AS much as the coronavirus has medical consequences, so too it has become clear that it has economic consequences.
For many, those consequences are immediate – and as pressing as the health concerns.
Among those to feel the sting yesterday were Atlantis employees, who were asked to take their earned vacation days or, ominously, to volunteer to take two weeks of unpaid leave.
They are not the only business to be taking stock of the market and what it will mean for a company’s long-term prospects.
Across the island, all manner of businesses are assessing what they need to do. Some are closing their doors for a while, some are rethinking their approach to things, all are trying to work out what the impact of the coronavirus will be on their income.
For some, the good days in the past will have left them more able than others to weather the storm. We would hope Atlantis remembers living high on the income of tourism over many years as it makes decisions that affect the income of those who helped play a part in making the most of those good days. We would hope the same for other businesses too – to take a look at the long game, and consider what they can do to keep things going until those good days come again. It is easier to reinvigorate a business with a long tradition and an existing skilled workforce than it is to start from scratch. Prudence may be needed, but so might some reinvestment from previous profits.
Equally, as citizens we must be cautious, but not panicky. Businesses still need our custom. Maybe as we practice reducing contact with others, we might make that restaurant order a takeout, or use delivery services where available, but if we want businesses to still be there, we mustn’t forget they need us as well as us needing them.
This weekend, perhaps the most important workers of all were busily restocking shelves as Bahamians emptied them – the staff of the supermarkets working hard to ensure people had enough to take home to fill their cupboards with in case of prolonged isolation. Even as some panic buying took place, those workers were at their posts, helping Bahamians to get what they needed.
People need to work, people need to be paid, people need to put food on their table. We need to make that as straightforward a process as possible while still doing what we can to prevent the virus from spreading.
That might mean changes in sick pay rules – there’s little point in telling people to isolate themselves if they have symptoms if in order to get sick pay they need to come out of the house and go and see a doctor to get a sick note, potentially infecting that doctor.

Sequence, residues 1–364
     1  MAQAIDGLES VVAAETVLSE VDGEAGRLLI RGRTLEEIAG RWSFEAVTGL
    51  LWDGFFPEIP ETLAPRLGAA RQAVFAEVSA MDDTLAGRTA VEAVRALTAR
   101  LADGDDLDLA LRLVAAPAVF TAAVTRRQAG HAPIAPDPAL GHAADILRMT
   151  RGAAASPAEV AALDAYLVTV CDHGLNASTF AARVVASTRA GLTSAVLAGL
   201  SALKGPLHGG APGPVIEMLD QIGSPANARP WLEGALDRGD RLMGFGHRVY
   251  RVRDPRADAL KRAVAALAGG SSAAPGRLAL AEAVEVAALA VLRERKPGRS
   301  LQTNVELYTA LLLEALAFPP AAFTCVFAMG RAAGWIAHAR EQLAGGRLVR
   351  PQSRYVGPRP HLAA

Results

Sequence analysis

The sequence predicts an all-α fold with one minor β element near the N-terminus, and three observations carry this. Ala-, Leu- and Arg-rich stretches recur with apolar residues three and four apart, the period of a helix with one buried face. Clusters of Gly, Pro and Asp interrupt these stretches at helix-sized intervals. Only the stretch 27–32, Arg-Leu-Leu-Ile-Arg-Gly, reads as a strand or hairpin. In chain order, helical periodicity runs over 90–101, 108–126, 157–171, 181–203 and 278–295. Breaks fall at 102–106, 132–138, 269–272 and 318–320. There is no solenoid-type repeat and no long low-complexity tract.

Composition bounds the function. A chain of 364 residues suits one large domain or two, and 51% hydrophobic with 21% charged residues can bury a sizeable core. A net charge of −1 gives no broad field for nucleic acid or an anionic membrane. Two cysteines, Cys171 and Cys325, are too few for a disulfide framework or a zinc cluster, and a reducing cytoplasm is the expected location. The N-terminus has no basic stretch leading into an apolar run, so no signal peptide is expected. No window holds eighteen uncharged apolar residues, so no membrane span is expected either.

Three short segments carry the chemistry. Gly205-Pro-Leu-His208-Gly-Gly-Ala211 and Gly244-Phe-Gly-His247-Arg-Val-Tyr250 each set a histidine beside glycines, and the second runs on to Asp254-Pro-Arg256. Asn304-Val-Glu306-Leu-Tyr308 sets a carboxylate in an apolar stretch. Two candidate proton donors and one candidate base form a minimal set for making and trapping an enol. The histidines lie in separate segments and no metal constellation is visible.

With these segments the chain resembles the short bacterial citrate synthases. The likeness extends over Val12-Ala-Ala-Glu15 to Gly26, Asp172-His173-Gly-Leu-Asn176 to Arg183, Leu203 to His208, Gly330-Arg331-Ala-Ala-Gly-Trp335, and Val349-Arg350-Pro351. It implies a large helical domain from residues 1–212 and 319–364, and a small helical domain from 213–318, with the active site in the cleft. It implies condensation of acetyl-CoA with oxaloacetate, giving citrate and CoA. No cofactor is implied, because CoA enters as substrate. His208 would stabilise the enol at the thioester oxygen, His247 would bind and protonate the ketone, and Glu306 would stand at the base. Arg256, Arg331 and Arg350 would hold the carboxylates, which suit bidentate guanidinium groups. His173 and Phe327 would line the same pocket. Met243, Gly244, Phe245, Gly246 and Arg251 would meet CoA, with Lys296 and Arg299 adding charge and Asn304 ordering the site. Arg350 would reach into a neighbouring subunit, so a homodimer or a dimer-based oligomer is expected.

Businesses don’t want people who are unwell turning up for work and infecting others in the workforce, leading to many people being out sick instead of one – so make sure as much accommodation is made as possible for people to stay home instead of coming to the workplace.
This is the time for business continuity plans to kick into action – those ways of making sure the business keeps going in the worst case scenarios. It’s also time for the essential staff we have trained and depended upon to shine.
This is also a time when the government needs to shine – and it has fallen short in the area of communication. This has been a regular failing in government, but yesterday officials were unclear in their answers over the Fleming Street Clinic and testing procedures.
Early on Sunday evening, the Ministry of Health put out a statement saying the clinic was being closed due to unforeseen circumstances – really, ministry? You can’t tell us the real reason? This was being at the very least economical with the truth.
It turns out the patient with coronavirus visited the clinic last week, and so the clinic was shut down while it was cleaned and any areas that might have been infected dealt with. Why not just tell us that?
The fact it took some time to get to that answer is not encouraging for clarity and transparency of communication. We need simple facts, without a veil of officialdom over them.
Meanwhile, staff at the clinic were “encouraged” to self-quarantine. Encouraged? What does that mean? Were they ordered to? What happens if they didn’t go along with the encouragement? Have the people they came into contact with been traced, including family members? When The Tribune tried to get more information, we were palmed off to other officials or left calling phones that were never answered. This is a national crisis – officials need to act like it, and that very much includes answering calls when the public needs information.
These are very basic matters that did not need to be hidden. By not telling us, it even makes people think that facts are being covered up.
The last thing we need is citizens not feeling the government are giving them the full information. We need to be able to trust what the government says. This was not good enough – and there had better not be more examples.
Just as we need to feel there is no distance between ourselves and government, then equally if ever there was a time for workplace and workforce to be close together, this is it. The goal should be to help us all to thrive, for the good of all – because no one benefits otherwise. It will be a difficult path ahead, but let’s take it together.